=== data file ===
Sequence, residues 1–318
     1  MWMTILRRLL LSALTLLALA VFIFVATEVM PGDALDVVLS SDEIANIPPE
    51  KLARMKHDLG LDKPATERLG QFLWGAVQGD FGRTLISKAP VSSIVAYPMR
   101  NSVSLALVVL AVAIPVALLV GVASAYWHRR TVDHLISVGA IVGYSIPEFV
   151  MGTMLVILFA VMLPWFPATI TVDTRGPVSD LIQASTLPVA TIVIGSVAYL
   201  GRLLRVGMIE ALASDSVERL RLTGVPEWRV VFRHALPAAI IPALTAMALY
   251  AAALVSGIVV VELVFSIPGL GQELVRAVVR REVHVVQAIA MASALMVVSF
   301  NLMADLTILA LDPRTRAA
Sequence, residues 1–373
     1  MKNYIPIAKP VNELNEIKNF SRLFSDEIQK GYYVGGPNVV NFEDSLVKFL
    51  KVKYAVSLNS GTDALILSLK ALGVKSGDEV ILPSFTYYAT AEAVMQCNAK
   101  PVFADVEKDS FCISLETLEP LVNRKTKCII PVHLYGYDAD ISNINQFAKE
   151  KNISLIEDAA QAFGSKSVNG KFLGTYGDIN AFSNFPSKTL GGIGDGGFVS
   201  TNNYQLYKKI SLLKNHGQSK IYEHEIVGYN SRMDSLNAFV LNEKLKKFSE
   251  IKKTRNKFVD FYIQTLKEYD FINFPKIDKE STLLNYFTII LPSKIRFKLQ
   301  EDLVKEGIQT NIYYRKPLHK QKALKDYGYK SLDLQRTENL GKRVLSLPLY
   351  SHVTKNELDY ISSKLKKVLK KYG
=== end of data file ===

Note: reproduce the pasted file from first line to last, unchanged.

Sequence, residues 1–318
     1  MWMTILRRLL LSALTLLALA VFIFVATEVM PGDALDVVLS SDEIANIPPE
    51  KLARMKHDLG LDKPATERLG QFLWGAVQGD FGRTLISKAP VSSIVAYPMR
   101  NSVSLALVVL AVAIPVALLV GVASAYWHRR TVDHLISVGA IVGYSIPEFV
   151  MGTMLVILFA VMLPWFPATI TVDTRGPVSD LIQASTLPVA TIVIGSVAYL
   201  GRLLRVGMIE ALASDSVERL RLTGVPEWRV VFRHALPAAI IPALTAMALY
   251  AAALVSGIVV VELVFSIPGL GQELVRAVVR REVHVVQAIA MASALMVVSF
   301  NLMADLTILA LDPRTRAA
Sequence, residues 1–373
     1  MKNYIPIAKP VNELNEIKNF SRLFSDEIQK GYYVGGPNVV NFEDSLVKFL
    51  KVKYAVSLNS GTDALILSLK ALGVKSGDEV ILPSFTYYAT AEAVMQCNAK
   101  PVFADVEKDS FCISLETLEP LVNRKTKCII PVHLYGYDAD ISNINQFAKE
   151  KNISLIEDAA QAFGSKSVNG KFLGTYGDIN AFSNFPSKTL GGIGDGGFVS
   201  TNNYQLYKKI SLLKNHGQSK IYEHEIVGYN SRMDSLNAFV LNEKLKKFSE
   251  IKKTRNKFVD FYIQTLKEYD FINFPKIDKE STLLNYFTII LPSKIRFKLQ
   301  EDLVKEGIQT NIYYRKPLHK QKALKDYGYK SLDLQRTENL GKRVLSLPLY
   351  SHVTKNELDY ISSKLKKVLK KYG